This paper uses new Behavioral Risk Factor Surveillance System data to provide the first estimates of well-being across the states of America. From this sample of 1.3 million US citizens, we analyze measures of life satisfaction and mental health. Adjusting for people’s characteristics, states such as Louisiana and DC have high psychological well-being levels while California and West Virginia have low well-being; there is no correlation between states’ well-being and their GDP per capita. Correcting for people’s incomes, satisfaction with life is lowest in the rich states. We discuss implications for the arbitrage theory that regions provide equal utility and compensating differentials.
Source: “Well-being across America” from IZA Discussion Paper No. 4600 November 2009
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How much do life satisfaction levels then vary from state to state? The answer is, by some standards, fairly widely. The notably poor life-satisfaction states are then California (-0.0367), Illinois (-0.0372), Indiana (-0.0689), Kentucky (- .00631), Massachusetts (-0.0458), Michigan (-0.0559), Missouri (-0.0606), Nebraska (-0.0479), New York (-0.0570), Ohio (-0.0588), Pennsylvania (-0.0632), Rhode Island (-0.0419), and West Virginia (-0.0599). The high-satisfaction states are DC (0.0242), Florida (0.0174), Hawaii (0.0454), and Louisiana (0.0499).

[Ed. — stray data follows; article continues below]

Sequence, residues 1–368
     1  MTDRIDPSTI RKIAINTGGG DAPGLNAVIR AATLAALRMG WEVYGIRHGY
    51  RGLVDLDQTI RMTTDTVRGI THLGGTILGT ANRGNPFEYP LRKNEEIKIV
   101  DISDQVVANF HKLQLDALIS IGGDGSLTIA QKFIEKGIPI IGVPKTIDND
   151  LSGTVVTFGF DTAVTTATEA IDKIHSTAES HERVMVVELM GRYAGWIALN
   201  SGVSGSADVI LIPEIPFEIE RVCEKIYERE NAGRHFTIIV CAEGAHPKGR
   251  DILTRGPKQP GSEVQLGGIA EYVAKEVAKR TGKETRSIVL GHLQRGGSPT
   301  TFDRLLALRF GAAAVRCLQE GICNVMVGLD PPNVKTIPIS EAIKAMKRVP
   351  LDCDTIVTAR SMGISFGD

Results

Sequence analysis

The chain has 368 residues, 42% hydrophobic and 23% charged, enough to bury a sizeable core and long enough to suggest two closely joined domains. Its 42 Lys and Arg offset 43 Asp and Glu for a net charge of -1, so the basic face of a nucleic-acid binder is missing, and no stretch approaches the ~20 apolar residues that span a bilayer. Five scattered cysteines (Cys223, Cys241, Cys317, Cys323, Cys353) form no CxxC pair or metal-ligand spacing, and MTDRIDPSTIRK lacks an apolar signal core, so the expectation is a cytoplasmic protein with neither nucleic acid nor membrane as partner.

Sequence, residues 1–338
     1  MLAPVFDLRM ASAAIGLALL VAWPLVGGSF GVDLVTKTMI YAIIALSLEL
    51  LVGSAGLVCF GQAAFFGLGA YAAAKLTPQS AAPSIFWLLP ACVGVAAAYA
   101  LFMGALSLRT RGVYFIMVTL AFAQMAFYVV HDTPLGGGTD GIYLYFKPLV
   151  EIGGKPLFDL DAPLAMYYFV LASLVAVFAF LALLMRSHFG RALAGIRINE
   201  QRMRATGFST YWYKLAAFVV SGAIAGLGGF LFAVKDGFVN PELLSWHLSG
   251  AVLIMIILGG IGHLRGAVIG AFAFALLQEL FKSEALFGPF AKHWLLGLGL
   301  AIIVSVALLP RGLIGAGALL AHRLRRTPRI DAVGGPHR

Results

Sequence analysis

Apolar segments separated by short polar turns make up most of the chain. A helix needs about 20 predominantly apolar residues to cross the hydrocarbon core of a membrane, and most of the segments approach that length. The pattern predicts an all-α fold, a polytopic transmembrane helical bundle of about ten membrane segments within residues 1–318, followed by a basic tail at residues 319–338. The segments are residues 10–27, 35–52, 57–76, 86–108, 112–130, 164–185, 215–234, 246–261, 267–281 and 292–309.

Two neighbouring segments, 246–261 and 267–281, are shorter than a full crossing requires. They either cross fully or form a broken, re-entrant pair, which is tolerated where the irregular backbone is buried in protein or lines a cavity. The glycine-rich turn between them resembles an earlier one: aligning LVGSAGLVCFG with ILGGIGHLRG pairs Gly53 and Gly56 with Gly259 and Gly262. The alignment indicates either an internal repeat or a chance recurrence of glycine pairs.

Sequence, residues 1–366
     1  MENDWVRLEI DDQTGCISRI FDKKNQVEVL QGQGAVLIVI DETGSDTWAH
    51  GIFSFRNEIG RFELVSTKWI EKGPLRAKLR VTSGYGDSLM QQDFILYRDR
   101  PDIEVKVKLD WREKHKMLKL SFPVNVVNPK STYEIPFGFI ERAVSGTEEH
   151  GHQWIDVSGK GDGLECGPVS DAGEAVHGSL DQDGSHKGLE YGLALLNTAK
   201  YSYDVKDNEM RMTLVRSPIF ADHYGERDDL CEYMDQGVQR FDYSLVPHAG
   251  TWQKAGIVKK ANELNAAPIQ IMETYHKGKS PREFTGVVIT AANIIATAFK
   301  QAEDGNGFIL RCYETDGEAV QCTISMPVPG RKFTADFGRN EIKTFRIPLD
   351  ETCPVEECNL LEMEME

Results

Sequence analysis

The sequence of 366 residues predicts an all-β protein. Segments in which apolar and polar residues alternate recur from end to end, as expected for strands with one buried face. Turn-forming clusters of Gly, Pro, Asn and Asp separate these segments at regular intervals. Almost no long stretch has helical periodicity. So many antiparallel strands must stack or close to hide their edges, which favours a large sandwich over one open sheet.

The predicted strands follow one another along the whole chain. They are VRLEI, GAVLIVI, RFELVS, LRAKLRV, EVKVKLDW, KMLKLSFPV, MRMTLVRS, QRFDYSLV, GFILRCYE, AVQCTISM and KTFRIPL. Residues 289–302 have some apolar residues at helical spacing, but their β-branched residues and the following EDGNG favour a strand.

Table 4 moves to regressions showing the state-by-state pattern in the number of days of poor mental health. The stand-out case in column 4 of Table 4 is California, with the worst mental health across the US states (a coefficient of 0.599). The best mental health, i.e. states with the fewest number of poor mental health days, is found in Iowa, Louisiana, Nebraska, the two Dakotas, and Tennessee. Another method is to examine which states are found in the lowest (and highest) quartiles on both measures, namely, on the life-satisfaction scores and the mental-distress-days scores. Doing so yields the follow list of states in the lowest quartile of well-being on both measures: California, Kentucky, Michigan, Ohio, West Virginia, and Missouri. The states in the highest quartile of well-being on both measures: Louisiana, D.C., Alaska, Tennessee, and Colorado.
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